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James Rayment Conferences On the QT - ResearchED17

There is something deliciously masochistic about setting off at dawn, still reeling from the brutal assault of the first week of term, to ResearchED’s annual conference - ooh feel the burn! Wearing my freshly minted ‘recently qualified teacher’ mantle last year, I was determined to inoculate myself against the prevalence of education myths and poorly conceived fads that continue to slosh around schools. I came back with an armful of ideas (and books - oops!), that kept me fuelled for the entire year. It was an exciting thought, wondering what new nuggets might refine my classroom practice this year, as I continue on my journey towards ‘Working Out What Works’ - the organisation’s slogan.

Although, for the second year running, I travelled alone to the event, in a school bursting with like-mindedly motivated individuals, you can never be lonely. I was soon enveloped into the warmth of a teaching community that had assembled at Chobham Academy in Stratford, London. The first job of the day was to pore over the conference programme, and select seven sessions from the embarrassment of riches. Instantly filled with regret at the sessions that I knew I would now miss, I was consoled by the thought that many of the sessions are filmed on ‘livestream’. I will outline below the key points I took from those sessions and explain how they have already influenced my classroom.

You can watch some of the talks here:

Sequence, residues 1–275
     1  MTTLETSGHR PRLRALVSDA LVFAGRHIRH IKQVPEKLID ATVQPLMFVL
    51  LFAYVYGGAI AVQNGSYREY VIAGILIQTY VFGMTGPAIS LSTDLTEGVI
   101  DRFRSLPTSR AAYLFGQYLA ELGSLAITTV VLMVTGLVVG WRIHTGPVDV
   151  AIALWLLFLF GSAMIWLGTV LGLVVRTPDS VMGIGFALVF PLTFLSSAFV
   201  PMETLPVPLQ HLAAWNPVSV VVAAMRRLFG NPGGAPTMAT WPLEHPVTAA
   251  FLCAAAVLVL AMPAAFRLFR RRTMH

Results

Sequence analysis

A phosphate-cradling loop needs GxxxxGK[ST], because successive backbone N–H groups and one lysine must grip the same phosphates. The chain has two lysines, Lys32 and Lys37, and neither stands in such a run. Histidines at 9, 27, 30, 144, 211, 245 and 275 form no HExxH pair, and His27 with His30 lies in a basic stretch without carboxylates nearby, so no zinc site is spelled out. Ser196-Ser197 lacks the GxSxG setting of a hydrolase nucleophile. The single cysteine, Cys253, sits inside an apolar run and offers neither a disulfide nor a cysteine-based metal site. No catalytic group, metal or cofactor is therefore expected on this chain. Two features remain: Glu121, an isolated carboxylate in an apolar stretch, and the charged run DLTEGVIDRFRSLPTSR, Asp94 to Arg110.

Session One - Peps Mccrea - Expert teaching: what it is and how do we build it?

Given my ambitious goal towards ‘expertise’ and having devoured his terrific book Memorable Teaching last year, I thought it best to first go to Brighton’s own Peps Mccrea’s (Associate Dean at the Institute for Teaching) session to find out what expert teaching actually is. In a nutshell, Mccrea’s engaging talk broke down expertise into three main areas:


  1. Impact - how we might measure the impact of our teaching, although he also noted that this was often difficult due to the often contested purpose of education, with areas of effectiveness that cannot be quantified.
  2. Experts have better mental models - how expertise is not just about what we know as teachers, but how it is organised, enabling better judgements on how to act upon that knowledge. This could include knowledge of:
    • Curriculum path and the sequencing and addressing of misconceptions
    • Knowledge of pupils - use of assessment to gauge not only what they already know, but also what ‘makes them tick.’
    • Pedagogy - or knowing how to teach.

He also asked, can we claim to be experts if there are other teachers in our departments or schools that know more about the subject than we do?

Mccrea also claimed that expertise can be contextual and that being in a different classroom reduces our expertise in a specific context. I found this take away nugget particularly interesting, given the challenges that many of my colleagues face with their nomadic movements from classroom to classroom. I also felt blessed that I have the fortune to have my own room.

  1. What mental models allow teachers to do:
    • The ability to pick the right tool for the job
    • Greater anticipation of what will happen next.
    • Ability to do the right thing.

He also noted that ‘expert’ teachers do less. The automaticity of their knowledge enables them to conserve energy, and they are more opportunistic. They often take longer to make decisions, however their targeted interventions tend to have greater impact.